The controversy regarding Google and Project Maven is not the only partnership that has created speculation about the potential rise of AI drones in the military. On September 5, the Drone Racing League (DRL) and Lockheed Martin, a company that was the largest contractor for the U.S. government in 2015, announced a collaboration to challenge teams to design an AI drone that could fly without human intervention. Although the DRL said that the contest wouldn’t have anything to do with the military, many are still justifiably worried that the technology created from this idea will end up becoming a weaponized tool.

Algorithm-controlled UAVs that can carry out strikes or reconnaissance missions against enemies of the U.S. may be used for defense purposes, but the issues that accompany this include both the risks of innocent lives being taken if the AI isn’t a perfect system, and the loss of humane behavior when it comes to conflict. If wars are only fought with robots instead of humans, then it may become more heartless. Deaths will become more desensitized from the perspective of the attacker because machines don’t feel the same emotions that human soldiers do when they kill enemies or civilians. As Business Insider states, this would consequently cause wars to perceptually shift “from fighting to extermination.”

On a bigger scale, this type of rivalry between Russia, China, the U.S., and other countries will not end well either. While some might argue that it’s necessary for the U.S. to develop weaponized AI for the sake of defense against other first world countries, arms races like the one artificial intelligence has arguably already started often end in international tensions that escalate into conflict. Especially since a war between global superpowers would end poorly for everyone, it’s a situation best avoided. Artificial intelligence could even make nuclear weapons more likely to be used in the event of a dispute, which is dangerous since, according to the Financial Times, “judging the capability of AI-enabled military forces will be next to impossible.”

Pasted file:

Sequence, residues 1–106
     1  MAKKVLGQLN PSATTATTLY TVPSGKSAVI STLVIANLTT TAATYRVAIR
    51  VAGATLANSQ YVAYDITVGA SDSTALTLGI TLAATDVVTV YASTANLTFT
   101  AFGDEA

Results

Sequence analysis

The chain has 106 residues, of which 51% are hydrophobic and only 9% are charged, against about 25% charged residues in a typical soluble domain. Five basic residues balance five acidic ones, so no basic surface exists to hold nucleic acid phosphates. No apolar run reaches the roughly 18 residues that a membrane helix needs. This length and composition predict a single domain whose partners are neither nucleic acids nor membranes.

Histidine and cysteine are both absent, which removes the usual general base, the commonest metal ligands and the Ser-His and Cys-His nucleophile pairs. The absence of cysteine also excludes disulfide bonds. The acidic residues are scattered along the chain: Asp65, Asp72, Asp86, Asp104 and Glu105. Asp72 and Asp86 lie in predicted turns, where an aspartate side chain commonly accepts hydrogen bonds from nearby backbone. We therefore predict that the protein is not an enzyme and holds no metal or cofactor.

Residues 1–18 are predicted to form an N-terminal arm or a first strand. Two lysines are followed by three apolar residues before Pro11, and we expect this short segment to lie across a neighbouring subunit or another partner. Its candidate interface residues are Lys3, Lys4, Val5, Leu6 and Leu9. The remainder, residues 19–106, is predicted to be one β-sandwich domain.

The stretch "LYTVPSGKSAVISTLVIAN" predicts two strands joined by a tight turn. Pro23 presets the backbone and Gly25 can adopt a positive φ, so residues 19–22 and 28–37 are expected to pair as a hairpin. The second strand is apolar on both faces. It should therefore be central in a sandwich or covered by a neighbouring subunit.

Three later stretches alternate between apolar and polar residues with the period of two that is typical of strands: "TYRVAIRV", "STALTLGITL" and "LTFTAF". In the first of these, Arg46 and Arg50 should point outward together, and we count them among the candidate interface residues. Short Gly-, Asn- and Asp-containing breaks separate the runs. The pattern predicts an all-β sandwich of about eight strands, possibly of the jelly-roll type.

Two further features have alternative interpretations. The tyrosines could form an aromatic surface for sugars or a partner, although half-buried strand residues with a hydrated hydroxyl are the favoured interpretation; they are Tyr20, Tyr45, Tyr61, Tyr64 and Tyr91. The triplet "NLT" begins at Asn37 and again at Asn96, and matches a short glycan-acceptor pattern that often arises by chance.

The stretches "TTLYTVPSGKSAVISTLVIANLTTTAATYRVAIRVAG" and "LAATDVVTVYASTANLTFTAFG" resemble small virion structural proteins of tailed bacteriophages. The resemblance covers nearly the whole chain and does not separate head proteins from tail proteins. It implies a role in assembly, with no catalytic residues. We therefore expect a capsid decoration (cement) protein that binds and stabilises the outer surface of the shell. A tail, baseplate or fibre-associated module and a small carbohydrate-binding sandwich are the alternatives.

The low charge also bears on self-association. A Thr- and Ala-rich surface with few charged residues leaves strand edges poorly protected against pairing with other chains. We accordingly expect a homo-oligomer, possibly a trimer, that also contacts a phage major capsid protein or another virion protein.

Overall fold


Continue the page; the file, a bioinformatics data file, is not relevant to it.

There may not be a realistic method to stop artificial intelligence from entering the military, but that doesn’t necessarily mean progress shouldn’t at least be slowed. Scientists and other campaigns devoted to petitioning against this are encouraging people to join them in their protests, and a multitude of worldwide conferences, leaders, companies, and international organizations are thoroughly discussing the ethics of AI when it comes to combat.

None of this is to say that artificial intelligence is an inherently evil tool. When applied in the right instances, as it often is and will continue to be, technology at such an advanced level benefits humans in several ways. However, some of the applications that AI is directed to, such as the military, will require much caution and discussion as its development continues. This is crucial to ensure that humanity doesn’t end up suffering because of its own creations.

About the Writer
Bernice Chen, Reporter
This is my first year on the Student Press staff, and I’m eager to get started reporting. When I’m not writing or doing homework, I like to browse Twitter, listen to my favorite music, and use my computer. I also love spending time with my family and chatting with my friends online.